WINN, A. A.* and K.S. MORIUCHI. Department of Biological Science, Florida State University, Tallahassee, FL. - Integration of plastic responses of leaves and flowers to seasonal environmental variation in a perennial violet.
Theoretical treatments of the evolution of adaptive phenotypic
plasticity commonly invoke a cost of plasticity as the force that
limits further evolution of a particular plastic response. To date,
there is little empirical support for the existence of such costs. One
way in which a particular plastic response could be costly is if it
disrupts the expression of another trait or the plasticity of another
trait. We are examining the possibility that compromises between
plasticity in leaf morphology and in flower morphology in a single
species limit the evolution of adaptive plasticity in both traits. The
perennial violet, Viola septemloba exhibits seasonal leaf and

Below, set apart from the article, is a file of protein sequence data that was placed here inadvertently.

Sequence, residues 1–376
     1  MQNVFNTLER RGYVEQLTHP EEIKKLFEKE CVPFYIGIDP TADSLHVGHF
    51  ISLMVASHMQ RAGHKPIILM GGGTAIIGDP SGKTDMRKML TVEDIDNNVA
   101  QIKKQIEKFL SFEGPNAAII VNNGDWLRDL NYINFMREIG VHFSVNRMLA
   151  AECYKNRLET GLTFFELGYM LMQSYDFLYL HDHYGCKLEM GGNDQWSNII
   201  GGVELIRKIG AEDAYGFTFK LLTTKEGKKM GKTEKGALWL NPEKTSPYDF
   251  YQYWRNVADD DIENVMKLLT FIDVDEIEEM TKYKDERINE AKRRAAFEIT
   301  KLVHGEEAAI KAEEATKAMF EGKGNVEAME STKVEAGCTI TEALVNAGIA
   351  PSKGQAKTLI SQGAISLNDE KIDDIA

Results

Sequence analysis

flower dimorphism in response to day length. Individuals produce
primarily entire leaves during the fall and winter and switch to the
production of deeply lobed leaves during the spring and summer. Lobed
leaves are able to maintain average mesophyll temperatures nearly 3
degrees C lower than entire leaves during the hot summer. Thus
heterophylly appears to be adaptive plasticity in response to seasonal
environmental variation. Individuals of this species also exhibit
seasonal variation in flower morphology. The production of open
(chasmogamous) flowers occurs simultaneously with increasing
production of lobed leaves during the late winter, and the production
of closed (cleistogamous), obligately selfed flowers during the
mid-summer and fall corresponds to increasing production of entire
leaves. We have raised replicates of inbred lines of V.
septemloba under long and short days and demonstrated heritable
variation in response of leaf and flower morphology to day length.
Preliminary results also suggest a genetic covariance between the
plastic responses of the two traits, which could underlie a cost of
plasticity. We will illustrate how simultaneous consideration of
adaptive plasticity in multiple traits can contribute to understanding
the existence and mechanistic basis of costs that limit the evolution
of adaptive plasticity.
Key words: cleistogamy, cost of plasticity, heterophylly, phenotypic plasticity, Viola septemloba